With the proliferation of big data, utilizing data visualizations to quickly and effectively convey concepts is critical to identifying patterns and making better business decisions. The charts, graphs, and pictures that are produced through visualization tools provide a universal language that’s able to be interpreted at lightning speed compared to the time it takes to digest copious amounts of data compiled in spreadsheets and reports.
In order to make decisive actions and harness the power of data visualizations, here are three initial strategies to keep in mind.
1. Focus on Spikes or Outliers
When viewing a visualization, it is easier to notice a substantial difference in the data displayed. There’s often great value in examining the point where the data fell out of alignment and a change occurred. The visualization above reflects a monthly sales scorecard. You can quickly spot the 12% increase in sales in October compared to other months. From there, you can navigate and drill down into different layers of data to understand if this increase is part of a cyclical sales pattern or if there was another factor that led to the spike in sales.
2. Measure Against Forecast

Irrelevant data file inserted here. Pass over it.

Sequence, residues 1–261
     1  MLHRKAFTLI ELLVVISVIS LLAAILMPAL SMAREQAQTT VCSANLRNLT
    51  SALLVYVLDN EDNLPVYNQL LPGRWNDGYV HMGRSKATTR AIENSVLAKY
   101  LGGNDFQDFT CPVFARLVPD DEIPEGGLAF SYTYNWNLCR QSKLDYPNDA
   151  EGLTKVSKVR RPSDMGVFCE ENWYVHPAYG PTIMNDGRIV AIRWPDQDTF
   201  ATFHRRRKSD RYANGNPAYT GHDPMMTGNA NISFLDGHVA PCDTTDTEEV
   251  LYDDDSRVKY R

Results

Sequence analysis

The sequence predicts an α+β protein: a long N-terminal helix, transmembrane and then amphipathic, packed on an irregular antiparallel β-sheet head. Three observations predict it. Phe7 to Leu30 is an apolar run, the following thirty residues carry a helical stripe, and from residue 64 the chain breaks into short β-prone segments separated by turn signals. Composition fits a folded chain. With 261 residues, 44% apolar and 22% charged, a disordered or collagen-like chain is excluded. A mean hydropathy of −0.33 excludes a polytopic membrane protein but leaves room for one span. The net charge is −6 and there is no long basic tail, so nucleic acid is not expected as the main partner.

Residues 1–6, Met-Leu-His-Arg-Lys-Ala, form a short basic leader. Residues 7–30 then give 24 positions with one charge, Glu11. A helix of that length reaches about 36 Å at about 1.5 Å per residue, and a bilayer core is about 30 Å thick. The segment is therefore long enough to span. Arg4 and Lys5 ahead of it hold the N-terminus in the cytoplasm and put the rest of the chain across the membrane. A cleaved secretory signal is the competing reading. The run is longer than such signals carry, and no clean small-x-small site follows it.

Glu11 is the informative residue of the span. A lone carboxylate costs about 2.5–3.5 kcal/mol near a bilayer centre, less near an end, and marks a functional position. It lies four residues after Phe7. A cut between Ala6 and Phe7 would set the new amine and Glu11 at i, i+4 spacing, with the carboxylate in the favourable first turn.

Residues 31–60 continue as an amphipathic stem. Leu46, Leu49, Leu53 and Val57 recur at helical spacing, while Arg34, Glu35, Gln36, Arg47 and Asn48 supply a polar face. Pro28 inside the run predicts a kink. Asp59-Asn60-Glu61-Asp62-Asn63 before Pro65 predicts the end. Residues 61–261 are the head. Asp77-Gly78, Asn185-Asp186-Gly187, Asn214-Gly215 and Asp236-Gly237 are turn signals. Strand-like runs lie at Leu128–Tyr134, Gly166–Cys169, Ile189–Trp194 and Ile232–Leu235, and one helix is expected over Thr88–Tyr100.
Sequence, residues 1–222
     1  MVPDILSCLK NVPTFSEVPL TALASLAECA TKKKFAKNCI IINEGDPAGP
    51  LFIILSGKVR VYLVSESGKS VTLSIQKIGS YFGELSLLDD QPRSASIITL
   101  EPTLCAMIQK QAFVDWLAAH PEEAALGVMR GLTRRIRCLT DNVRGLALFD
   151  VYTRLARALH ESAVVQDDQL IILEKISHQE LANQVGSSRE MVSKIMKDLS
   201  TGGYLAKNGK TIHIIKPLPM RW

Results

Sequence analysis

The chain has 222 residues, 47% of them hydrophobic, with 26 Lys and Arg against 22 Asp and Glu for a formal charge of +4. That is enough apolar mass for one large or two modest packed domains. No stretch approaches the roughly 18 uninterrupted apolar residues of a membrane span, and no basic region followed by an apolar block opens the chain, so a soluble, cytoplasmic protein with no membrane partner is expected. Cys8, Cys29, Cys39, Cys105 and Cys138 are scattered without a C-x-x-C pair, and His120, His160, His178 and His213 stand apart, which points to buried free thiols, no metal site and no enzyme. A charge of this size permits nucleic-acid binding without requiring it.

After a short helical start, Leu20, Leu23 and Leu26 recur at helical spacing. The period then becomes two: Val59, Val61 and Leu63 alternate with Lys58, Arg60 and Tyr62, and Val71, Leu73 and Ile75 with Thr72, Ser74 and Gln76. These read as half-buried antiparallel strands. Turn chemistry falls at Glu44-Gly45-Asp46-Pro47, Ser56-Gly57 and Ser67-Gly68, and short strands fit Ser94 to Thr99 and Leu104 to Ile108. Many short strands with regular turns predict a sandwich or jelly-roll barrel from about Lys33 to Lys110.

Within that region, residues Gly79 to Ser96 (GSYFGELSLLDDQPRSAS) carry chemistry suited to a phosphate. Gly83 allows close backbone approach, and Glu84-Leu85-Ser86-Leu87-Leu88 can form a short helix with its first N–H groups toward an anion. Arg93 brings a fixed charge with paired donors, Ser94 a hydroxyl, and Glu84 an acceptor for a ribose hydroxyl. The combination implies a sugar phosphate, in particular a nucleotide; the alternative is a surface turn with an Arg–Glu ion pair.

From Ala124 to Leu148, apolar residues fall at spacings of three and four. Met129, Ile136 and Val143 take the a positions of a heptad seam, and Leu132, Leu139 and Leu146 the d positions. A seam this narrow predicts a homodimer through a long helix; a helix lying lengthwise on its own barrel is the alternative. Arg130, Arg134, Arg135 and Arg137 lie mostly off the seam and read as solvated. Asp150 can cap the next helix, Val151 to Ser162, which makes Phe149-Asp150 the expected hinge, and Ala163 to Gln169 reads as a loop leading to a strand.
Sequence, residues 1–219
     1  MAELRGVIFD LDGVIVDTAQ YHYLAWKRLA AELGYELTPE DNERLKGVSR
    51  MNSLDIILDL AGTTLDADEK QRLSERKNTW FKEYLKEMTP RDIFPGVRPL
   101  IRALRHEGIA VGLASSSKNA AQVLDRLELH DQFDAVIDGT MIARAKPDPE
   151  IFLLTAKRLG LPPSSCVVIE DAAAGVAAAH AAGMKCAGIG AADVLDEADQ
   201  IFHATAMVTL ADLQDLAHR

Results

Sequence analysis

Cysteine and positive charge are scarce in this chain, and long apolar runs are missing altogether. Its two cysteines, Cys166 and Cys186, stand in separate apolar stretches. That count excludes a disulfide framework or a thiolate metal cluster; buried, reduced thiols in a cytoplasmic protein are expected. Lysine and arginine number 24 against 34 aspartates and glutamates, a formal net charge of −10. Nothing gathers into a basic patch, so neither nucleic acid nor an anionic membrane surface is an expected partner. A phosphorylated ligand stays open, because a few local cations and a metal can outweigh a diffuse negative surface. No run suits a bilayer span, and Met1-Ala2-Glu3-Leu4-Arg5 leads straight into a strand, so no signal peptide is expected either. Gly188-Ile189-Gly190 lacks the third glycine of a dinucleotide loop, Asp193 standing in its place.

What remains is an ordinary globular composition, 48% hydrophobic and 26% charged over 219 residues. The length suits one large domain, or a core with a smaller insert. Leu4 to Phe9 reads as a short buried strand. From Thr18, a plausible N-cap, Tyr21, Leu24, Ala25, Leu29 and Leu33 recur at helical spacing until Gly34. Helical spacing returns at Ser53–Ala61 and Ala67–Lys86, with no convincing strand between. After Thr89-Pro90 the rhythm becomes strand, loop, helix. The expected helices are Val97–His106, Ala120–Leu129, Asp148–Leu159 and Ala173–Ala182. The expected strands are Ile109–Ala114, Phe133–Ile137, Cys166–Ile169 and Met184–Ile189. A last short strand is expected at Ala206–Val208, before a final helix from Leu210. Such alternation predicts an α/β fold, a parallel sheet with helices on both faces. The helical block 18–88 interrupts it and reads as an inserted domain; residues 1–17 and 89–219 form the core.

Numbers are usually only as important as what they are forecasted against. When viewing data visualizations, it's important to understand the target and how it relates to the different totals shown on the dashboard. Forecast data is commonly displayed in bar charts to show actual amounts versus forecast in a clear and concise manner. Let's say you have a quarterly sales goal of $30K, and the visualization reflects a total of $20K in closed opportunities with another $20K in open opportunities. Now that you have a clear understanding of where you are in relation to the sales forecast, you can glean more information on the remaining opportunities and take decisive actions that will help you meet our quarterly goal.
3. Aggregate Diverse Data Sets
Data Visualization tools provide you the opportunity to pull sales forecast data from various sources. In the example above, data could be pulled from Excel, the ERP system, and open opportunities in your CRM. The chart and any corresponding reports would not be available in your source system. Pulling data from multiple sources gives you creative power to draw associations between standalone data sets. This allows for greater understanding and produces more powerful stories.
You will quickly find that there are many additional ways to leverage visualizations. It's important to begin building visualizations for your business and iterate over time as your understanding of the data and the metrics becomes more clear.